Have a Heart: Brush Your Teeth
Heart disease is the leading cause of death for both men and women in the U.S., according to the Centers for Disease Control and Prevention (CDC). About 600,000 Americans die from heart disease every year, which is 1 in every 4 deaths, and someone has a heart attack every 34 seconds. With this in mind, we wanted to point out the connection between oral health and heart health.
Researchers continue to find associations between gum disease and other chronic health conditions including heart disease. Persons with gum disease and heart disease share common risk factors such as smoking, older age, low-income status and obesity. A major question is how these factors and diseases relate to each other. In this case, if you treat the gum disease will you lower the likelihood of developing or worsening heart disease? Ongoing studies are attempting to answer that question.
Studies show that people with gum disease may be at a higher risk for coronary artery disease (CAD), the most common type of heart disease. Researchers are now trying to determine if bacteria and inflammation in the gum tissues, as a result of periodontal disease, contribute to the clogging of arteries and lead to CAD.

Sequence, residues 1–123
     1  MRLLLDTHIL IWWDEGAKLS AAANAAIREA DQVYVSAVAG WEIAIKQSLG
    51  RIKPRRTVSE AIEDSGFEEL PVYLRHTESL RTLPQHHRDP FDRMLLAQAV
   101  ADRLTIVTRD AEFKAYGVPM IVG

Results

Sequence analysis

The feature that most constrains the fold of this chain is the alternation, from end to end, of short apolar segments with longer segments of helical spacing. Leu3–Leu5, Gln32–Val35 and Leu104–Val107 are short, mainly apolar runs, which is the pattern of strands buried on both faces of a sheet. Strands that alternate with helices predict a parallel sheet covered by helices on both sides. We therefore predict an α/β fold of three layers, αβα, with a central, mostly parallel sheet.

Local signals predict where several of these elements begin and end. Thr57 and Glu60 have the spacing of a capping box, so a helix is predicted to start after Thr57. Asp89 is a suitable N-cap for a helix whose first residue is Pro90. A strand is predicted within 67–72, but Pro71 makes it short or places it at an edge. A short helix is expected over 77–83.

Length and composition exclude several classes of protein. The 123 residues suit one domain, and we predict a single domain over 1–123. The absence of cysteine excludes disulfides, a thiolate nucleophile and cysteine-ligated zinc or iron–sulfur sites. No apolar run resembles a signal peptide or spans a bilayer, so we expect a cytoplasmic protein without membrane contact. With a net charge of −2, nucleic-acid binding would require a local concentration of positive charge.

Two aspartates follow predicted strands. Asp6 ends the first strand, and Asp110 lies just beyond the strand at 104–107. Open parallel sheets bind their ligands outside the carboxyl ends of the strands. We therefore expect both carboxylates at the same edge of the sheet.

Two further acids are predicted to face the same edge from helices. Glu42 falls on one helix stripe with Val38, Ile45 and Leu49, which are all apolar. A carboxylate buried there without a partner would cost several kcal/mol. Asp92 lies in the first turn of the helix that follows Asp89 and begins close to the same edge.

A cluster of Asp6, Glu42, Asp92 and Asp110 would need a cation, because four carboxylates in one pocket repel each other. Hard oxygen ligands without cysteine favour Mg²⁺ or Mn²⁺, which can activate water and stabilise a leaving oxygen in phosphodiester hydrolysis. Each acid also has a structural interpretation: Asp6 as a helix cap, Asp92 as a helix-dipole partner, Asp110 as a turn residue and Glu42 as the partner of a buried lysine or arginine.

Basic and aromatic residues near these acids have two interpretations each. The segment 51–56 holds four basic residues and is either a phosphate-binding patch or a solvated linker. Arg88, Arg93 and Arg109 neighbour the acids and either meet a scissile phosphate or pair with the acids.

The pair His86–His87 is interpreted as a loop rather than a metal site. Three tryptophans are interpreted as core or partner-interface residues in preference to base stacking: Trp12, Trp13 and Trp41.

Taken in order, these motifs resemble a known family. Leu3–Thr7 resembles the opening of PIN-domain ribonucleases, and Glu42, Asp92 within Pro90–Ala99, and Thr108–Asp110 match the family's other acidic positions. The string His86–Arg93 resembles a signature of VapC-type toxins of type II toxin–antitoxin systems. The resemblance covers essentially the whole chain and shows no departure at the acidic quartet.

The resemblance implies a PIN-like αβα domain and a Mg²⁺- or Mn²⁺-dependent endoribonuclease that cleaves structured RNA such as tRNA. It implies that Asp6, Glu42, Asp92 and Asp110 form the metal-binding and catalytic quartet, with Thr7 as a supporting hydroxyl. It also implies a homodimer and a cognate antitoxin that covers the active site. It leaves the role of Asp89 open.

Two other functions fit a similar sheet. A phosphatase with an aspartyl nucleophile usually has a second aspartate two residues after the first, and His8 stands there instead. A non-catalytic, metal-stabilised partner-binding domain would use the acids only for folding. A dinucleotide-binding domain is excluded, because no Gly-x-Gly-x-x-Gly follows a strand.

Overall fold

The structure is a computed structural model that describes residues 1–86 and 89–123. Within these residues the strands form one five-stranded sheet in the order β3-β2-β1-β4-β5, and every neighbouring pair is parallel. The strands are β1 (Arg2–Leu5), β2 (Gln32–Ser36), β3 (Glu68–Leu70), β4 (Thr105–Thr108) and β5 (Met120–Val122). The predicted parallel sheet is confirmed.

So, for your heart's sake practice sound dental hygiene habits like brushing twice a day, flossing and eating healthy. In particular, don't smoke cigarettes or use other tobacco products. Finally, make time for regular dental check-ups. Visiting your dentist is an important step in keeping good oral health. Like most diseases, gum disease is much easier to treat and control if discovered early.